Womens Health Clinic Blog

Egg Freezing - Is it a future fertility guarantee?

By Dr Mei Cheah - Obstetrician and Gynaecologist
woman sitting at a table looking off to the left with a smile

As the average age of women having their first baby continues to rise (currently 31)[1], more and more women are looking to egg freezing to preserve their future fertility.

But is this the best option for all women to consider? Does this guarantee you a future family?

In this blog we will explore these questions and more about how to make a decision to freeze your eggs.

Common reasons for making this decision are:

  • Delaying starting a family to progress your career or other life plans
  • Being single and not yet ready to start a family
  • Family history of fertility problems, premature ovarian failure or cancer risk.

When is the perfect time to freeze eggs?

Your age is the most important predictor of success with egg freezing. Your fertility and your month-by-month chance of successfully conceiving reduces with your age. You are most fertile in your 20’s, so from an egg quality point of view, this would be the best time to freeze your eggs. As you move through your 30’s your fertility is declining slowly. This decline starts to speed up by the time you turn 36 and by 40 it is much harder to conceive naturally.

This natural decline in fertility is related to egg quality. All of your eggs have been with you since before birth and as you age they are aging with you. DNA damage in eggs is difficult for your body to repair and as a consequence, as you get older, when you ovulate each month the chance of releasing a poor quality egg increases. For this reason if you are older than 38, the chance of freezing enough good quality eggs to make a future family is low. In this case it is important to have a discussion with your fertility specialist.

On the other hand, if you are under 36, your chance of freezing enough good quality eggs to make a future family is much higher. For these reasons most specialists would recommend considering egg freezing in your early 30s. However, if you are in your 20’s and have a clear plan to delay starting a family until after 35, then don’t delay freezing your eggs.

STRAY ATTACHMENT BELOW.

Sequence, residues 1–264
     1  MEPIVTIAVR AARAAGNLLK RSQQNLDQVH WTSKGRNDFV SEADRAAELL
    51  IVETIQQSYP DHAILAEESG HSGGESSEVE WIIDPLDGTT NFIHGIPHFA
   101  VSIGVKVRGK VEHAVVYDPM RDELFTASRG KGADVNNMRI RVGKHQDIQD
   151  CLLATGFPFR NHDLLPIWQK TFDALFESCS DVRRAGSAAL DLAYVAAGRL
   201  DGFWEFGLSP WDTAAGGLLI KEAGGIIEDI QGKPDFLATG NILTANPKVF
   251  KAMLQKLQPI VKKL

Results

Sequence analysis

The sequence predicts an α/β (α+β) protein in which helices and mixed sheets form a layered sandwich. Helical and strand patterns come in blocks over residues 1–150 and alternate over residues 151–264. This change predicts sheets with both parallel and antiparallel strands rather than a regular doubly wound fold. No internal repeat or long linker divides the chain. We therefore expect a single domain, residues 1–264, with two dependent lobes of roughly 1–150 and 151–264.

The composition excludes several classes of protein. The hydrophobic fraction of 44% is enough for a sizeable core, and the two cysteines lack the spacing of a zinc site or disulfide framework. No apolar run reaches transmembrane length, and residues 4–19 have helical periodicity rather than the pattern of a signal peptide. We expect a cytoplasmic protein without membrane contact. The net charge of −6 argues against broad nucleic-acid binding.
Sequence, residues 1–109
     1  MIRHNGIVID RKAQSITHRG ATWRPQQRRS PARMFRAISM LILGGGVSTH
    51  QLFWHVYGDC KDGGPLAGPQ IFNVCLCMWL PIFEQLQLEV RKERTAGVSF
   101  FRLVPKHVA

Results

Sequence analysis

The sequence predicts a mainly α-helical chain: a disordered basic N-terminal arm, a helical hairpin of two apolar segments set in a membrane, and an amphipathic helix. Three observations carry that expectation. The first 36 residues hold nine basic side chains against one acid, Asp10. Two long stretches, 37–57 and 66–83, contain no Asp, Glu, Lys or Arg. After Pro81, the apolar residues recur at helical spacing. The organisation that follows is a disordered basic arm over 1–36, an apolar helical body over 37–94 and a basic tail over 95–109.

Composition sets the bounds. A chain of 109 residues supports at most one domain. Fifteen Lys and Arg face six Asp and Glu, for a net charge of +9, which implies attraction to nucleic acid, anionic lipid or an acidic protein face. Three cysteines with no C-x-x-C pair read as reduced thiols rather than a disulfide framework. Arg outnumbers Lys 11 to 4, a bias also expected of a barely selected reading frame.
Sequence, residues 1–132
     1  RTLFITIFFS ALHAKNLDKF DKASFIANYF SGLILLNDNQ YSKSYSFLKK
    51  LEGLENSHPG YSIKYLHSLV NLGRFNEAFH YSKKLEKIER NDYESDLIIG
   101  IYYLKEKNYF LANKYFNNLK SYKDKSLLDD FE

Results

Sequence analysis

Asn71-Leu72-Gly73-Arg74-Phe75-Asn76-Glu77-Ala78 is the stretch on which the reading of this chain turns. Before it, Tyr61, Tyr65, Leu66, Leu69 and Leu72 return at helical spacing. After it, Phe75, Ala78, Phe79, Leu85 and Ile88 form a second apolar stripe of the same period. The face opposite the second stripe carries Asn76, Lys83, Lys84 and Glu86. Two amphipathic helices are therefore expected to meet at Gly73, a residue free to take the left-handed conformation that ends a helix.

Chance of success

There is no guarantee that freezing your eggs will ensure a future baby. If you freeze your eggs in your early thirties and can freeze at least 12 eggs, you have about a 50% chance of successfully having a baby.

Age is also only one factor to consider here so personal and family history as well as some tests of your fertility will likely give you a better idea of your personal chance of success.

What’s involved?

Freezing eggs involves the first half of an IVF cycle. It starts with the first day of your period and ends with the egg collection procedure approximately 14 days later. IVF involves fertilizing the eggs with sperm to make embryos, so if you have access to sperm this might be an option for you. And remember, that to use these eggs in the future you will have to go through the second half of the IVF cycle at some stage. You should expect to have daily injections at home and ultrasound scans to track the progress before egg retrieval.

When to seek help

The fertility specialists at Create Health always available for advice regarding egg freezing regardless of whether you are ready now or planning for the future. Particularly if you think you might have risk factors, we are experts in this area and are here to help.

 

References

[1] The Age That Women Have Babies: How a Gap Divides America

The Fertility Society of Australia

European Society of Human Reproduction and Embryology

The Impact of Age on Female Infertility


« back